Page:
NEW YORK CITY–Hours before Philippine President Ferdinand “Bongbong” Marcos, Jr., gave his first State of the Nation address on July 24, Filipino people throughout the world protested, holding their own “People’s State of the Union Address,” or PSONA.
“The Marcos-Duterte oligarchic symbiosis represents one of the biggest barriers for progress in the Philippines,” Gabriel Rivera told Toward Freedom amid a crowd of about 200 Filipinos who had gathered outside the Philippine consulate in midtown Manhattan, just a few blocks from the United Nations.
As a drumline’s rhythms echoed through the city streets, Filipinos spoke out against Marcos and his vice president, Sara Duterte, both of whom had been elected to office in the island nation on May 9.
The families of Marcos and Duterte have been accused of violating human rights. That includes during the 1972-81 Martial Law Era under Marcos’ father, Ferdinand Sr., and during former President Rodrigo Duterte’s War on Drugs, which has killed over 6,229 alleged drug users since 2016. Rodrigo is the new vice president’s father.
“Two historically violent dynasties with no regard for human rights or the rule of law have just been seated on the two highest positions in the land,” said Rivera, a member of the Malaya Movement, a progressive Filipino organization advocating for human rights in the Philippines. “I am terrified to even imagine how this could affect generations of Filipinos to come.”
To counter the violence in their homeland, grassroots Filipino organizations from the Northeast Coalition to Advance Genuine Democracy, such as Migrante, GABRIELA, Malaya Movement, Anakbayan and Bayan, assembled for the New York City rally. This rally was one of many held around the world for PSONA, an annual global grassroots event, during which Filipinos report on human-rights violations in their homeland to counter the Philippine president’s annual State of the Nation address that takes place on the same day.
The Philippines is a U.S. ally that has waged a war on its own population, killing alleged drug addicts and traffickers. Since 2002, the United States has shipped almost $900 million in arms and has provided more than $1.3 billion in security assistance to the Philippines.
In an interview with Toward Freedom, 25-year-old Momo Manalang denounced the disappearance of three Filipino women activists, allegedly abducted by the Filipino government. She demanded their return.
“Our movement is intergenerational, comprised of both martial-law survivors of families of those slain during the War on Drugs, which persists to this day under Bongbong Marcos,” said Manalang, a member of GABRIELA, a mass-based organization focusing on womens’ rights in the Philippines. “It is imperative as a diaspora to register our condemnation and call for the accountability of both regimes for their crimes against humanity.”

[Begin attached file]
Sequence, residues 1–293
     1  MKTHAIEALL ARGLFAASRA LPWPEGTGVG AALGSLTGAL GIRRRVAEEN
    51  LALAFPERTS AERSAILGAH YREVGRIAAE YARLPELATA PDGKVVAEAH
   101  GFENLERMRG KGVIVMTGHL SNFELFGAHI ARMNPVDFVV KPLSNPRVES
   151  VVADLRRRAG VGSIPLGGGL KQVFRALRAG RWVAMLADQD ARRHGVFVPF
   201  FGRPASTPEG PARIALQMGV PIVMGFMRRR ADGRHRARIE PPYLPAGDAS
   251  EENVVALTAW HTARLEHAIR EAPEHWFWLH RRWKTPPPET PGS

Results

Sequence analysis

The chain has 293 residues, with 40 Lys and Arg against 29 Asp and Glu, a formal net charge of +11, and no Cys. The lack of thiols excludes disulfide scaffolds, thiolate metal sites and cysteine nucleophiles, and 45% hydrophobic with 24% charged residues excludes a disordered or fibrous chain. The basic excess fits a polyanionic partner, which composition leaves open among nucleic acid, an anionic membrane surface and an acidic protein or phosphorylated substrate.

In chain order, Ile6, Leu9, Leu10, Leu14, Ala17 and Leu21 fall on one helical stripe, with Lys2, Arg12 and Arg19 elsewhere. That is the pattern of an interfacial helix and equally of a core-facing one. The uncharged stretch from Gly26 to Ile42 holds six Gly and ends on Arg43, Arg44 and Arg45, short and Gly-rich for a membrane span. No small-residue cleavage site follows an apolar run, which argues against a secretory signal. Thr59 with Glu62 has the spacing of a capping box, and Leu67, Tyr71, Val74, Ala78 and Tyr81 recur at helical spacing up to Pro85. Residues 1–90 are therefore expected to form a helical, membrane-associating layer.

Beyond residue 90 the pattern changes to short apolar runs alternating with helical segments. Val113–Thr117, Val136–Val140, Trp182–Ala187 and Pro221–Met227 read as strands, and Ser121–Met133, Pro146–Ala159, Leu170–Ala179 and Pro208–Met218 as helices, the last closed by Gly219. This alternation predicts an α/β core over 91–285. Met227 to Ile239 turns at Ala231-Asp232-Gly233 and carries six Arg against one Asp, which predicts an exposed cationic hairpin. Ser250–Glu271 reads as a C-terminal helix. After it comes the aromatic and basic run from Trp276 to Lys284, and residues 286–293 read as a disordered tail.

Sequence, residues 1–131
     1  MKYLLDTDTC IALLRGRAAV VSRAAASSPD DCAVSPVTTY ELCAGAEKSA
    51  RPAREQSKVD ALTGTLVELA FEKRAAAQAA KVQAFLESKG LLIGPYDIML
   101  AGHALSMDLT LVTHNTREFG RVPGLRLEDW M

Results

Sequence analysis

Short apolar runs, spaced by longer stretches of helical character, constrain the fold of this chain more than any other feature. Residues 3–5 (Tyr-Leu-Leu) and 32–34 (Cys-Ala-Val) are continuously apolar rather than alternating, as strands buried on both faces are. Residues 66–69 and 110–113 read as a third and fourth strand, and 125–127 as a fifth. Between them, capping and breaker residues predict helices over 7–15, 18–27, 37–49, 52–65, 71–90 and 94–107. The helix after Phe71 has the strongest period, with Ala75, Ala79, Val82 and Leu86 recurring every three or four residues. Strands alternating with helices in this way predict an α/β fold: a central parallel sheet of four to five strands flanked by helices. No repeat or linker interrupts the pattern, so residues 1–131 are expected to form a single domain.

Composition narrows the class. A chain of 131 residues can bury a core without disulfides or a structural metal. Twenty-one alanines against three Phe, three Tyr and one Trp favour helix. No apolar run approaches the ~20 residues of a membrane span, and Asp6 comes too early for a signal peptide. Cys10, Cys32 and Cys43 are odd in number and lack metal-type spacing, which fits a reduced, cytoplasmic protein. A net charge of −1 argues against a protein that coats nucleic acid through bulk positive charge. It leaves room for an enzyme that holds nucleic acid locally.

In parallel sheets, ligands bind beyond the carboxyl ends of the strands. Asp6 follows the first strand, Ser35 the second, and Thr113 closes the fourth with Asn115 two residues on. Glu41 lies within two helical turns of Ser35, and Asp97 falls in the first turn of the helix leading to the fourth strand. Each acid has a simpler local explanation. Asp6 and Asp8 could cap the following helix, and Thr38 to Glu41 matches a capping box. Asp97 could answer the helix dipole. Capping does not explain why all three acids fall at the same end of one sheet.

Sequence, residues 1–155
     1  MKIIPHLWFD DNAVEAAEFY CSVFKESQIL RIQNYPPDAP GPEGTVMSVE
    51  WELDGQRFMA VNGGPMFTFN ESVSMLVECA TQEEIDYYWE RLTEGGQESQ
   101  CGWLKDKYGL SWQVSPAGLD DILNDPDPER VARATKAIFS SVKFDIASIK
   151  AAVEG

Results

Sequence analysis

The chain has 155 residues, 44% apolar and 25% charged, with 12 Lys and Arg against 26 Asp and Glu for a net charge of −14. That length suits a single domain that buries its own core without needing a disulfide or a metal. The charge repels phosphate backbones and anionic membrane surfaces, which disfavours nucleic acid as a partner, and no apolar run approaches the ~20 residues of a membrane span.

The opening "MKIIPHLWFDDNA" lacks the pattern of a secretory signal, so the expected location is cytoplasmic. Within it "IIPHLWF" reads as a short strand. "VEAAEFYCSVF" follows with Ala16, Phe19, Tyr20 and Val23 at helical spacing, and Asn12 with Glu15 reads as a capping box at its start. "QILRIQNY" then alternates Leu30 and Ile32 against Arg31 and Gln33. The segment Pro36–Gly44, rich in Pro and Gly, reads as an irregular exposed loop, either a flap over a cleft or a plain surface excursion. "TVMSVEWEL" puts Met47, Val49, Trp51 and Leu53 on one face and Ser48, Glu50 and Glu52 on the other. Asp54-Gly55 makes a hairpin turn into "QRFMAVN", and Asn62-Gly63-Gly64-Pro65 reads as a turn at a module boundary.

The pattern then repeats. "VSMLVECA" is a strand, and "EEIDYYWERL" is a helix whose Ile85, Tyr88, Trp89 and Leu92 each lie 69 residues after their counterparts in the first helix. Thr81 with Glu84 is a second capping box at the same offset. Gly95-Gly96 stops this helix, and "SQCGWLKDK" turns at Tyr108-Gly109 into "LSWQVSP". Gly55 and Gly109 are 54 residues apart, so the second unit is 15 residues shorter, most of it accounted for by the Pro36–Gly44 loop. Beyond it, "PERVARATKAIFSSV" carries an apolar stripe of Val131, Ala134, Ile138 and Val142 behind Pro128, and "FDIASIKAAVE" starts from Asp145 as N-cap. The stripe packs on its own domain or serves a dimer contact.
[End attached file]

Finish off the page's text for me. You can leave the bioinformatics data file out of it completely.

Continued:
A.J. Santos, a migrant from the Philippines, recounted to Toward Freedom how these administrations have directly affected his family.
“My mom fought Ferdinand Marcos, Sr., during Martial Law and was even hunted by the military while her friends and comrades were tortured and killed,” said Santos, 38, of Migrante, a grassroots organization consisting of migrant Filipinos. “And Duterte, he killed five of my friends with his so-called ‘War on Drugs.’”
Shirley Atienza, a New York-based Filipino migrant and Migrante member, read aloud the nine points of the “People’s Agenda for Change,” while protesters standing behind her held signs outlining each. In bold black paint, they read:
- Regulate prices
- Revive local agriculture
- Enact land reform and national industrialization
- Defend and promote human rights
- Defend freedom of press + speech
- Institute a democratic, ethical and accountable government
- Provide free health care and basic social services
- Uphold national sovereignty and independent foreign policy
- Ensure country’s natural wealth and resources
A protester had adorned cardboard signs to their body in an effigy that listed human-rights violations committed in the Philippines. Painted to look like flames, the signs read:
- “Extreme inflation & economic crisis,”
- “2.9 million unemployed,”
- “Forced migration/separated families,” and
- “Selling out to foreign interests.
The flames were surrounded by cardboard replicas of gas cans that read, “Corrupt family dynasties own all the land, make all the laws,” “US tax $$ funds Philippine Drug War,” and “Historical revisionism & fake news.”
At the top of the protester’s head sat a gas can that read “Marcos.” Draped around their back was the Filipino flag. As participants gathered to smash the gas cans, the crowd recited, “Makibaka! Huwog matakot!” (Struggle! Do not be afraid!) and other revolutionary Filipino chants, cheering for the downfall of Marcos and Duterte.
Being oceans away from their home country doesn’t stop these Filipino revolutionaries from fighting. At least not Theo Aguila, a 25-year-old organizer from Anakbayan, a mass organization consisting of Filipino youth and students.
“It is through action both here and [in] the Philippines that we may enact change for our motherland.”
Cygaelle Bergado is the Summer 2022 Claudia Jones Editorial Intern for Toward Freedom. She can be followed on Twitter at @cy_bergado.